2010-2011
Visiting Professor, Faculty of Science, Toho University, Japan
2010-Current
Director, RIKEN CBS-Olympus Collaboration Center (previously named BSI-Olympus Collaboration Center)
2009-2018
Visiting Professor, Keio University School of Medicine, Japan
2008-2018
Deputy Director, RIKEN Brain Science Institute, Japan
2007-2010
Deputy Director, BSI Olympus Collaboration Center
2007-Current
Visiting Professor Graduate School of Advanced Science and Engineering, Waseda University, Japan
2006-2011
Visiting Professor, National Institute for Basic Biology, The National Institute of Natural Sciences, Japan
2006
Visiting Professor, Tokyo University School of Science, Japan
2006-2013
Research Director ERATO MIYAWAKI Life Function Dynamics Project,Japan Science and Technology Agency, Japan
2005-2010
Visiting Professor, Institute of Molecular and Cellular Biosciences, The University of Tokyo, Japan
2004-2009
Group Director, Advanced Technology Development Group, RIKEN Brain Science Institute, Japan
1999-
Laboratory Head, Lab for Cell Function Dynamics, RIKEN Center for Brain Science(previously named RIKEN Brain Science Institute), Japan
1997-1998
Research Pharmacologist, The University of California, San Diego, USA
1995-1997
HFSP, Long-term Fellowship, The University of California, San Diego, USA
1993-1998
Assistant Professor, The Institute of Medical Science, The University of Tokyo, Japan
1991-1993
Researcher, The Institute of Medical Science, The University of Tokyo, Japan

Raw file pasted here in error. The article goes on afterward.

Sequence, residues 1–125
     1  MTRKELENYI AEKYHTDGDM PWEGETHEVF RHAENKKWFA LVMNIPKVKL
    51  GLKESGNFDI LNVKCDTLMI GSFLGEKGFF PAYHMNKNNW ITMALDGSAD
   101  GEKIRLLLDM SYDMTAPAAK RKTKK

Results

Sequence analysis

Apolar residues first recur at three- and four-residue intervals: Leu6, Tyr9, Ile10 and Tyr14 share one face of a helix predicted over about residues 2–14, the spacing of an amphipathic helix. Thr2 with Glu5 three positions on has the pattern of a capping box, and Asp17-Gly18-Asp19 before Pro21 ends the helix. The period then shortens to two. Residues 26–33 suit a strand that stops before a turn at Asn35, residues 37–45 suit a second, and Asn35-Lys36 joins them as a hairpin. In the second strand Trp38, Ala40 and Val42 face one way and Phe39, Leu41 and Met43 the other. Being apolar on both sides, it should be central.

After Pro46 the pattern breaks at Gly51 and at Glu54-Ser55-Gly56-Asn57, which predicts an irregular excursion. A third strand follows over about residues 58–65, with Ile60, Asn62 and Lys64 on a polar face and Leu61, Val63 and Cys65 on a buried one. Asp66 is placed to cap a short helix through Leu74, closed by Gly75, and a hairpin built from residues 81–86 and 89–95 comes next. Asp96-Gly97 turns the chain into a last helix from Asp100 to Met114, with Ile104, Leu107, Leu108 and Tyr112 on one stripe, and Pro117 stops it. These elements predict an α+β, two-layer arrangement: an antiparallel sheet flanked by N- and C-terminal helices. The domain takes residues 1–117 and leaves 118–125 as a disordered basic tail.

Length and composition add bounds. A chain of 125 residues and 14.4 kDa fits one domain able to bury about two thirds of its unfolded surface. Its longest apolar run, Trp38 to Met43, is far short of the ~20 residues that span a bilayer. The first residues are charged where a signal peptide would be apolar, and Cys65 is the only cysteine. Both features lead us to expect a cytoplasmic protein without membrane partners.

Major Honors/Awards

2017
 
Uehara Prize
2017
Medal with Purple Ribbon
2015
W. Alden Spencer Award, Columbia University
2013
Fujiwara Award
2006
 
Japan Society for the Promotion of Science Prize (Biological Science)

Comments

In May 1983, as I was perusing several works at Kitasato Library, I came across an article written by Dr. Lubert Stryer titled, “Fluorescence Energy Transfer as a Spectroscopic Ruler,” and was immensely inspired by it. Since then, I have traversed various academic fields in pursuit of nascent technologies and concepts that could potentially revolutionize molecular imaging. I have mostly employed fluorescence and bioluminescence to better understand how the necessary molecules for life behave inside individual cells. Thanks to the many friends and mentors who supported me in my tireless pursuit of interdisciplinary studies, I have been able to channel my efforts to the creation of a new research field. Among my mentors are Dr. Katsuhiko Mikoshiba and Dr. Roger Y. Tsien, who received this prize in 1998 and 2004, respectively. It is a great honor for me to be chosen as the recipient of this year’s Keio Medical Science Prize together with Dr. Aviv Regev.

Past Prize Laureates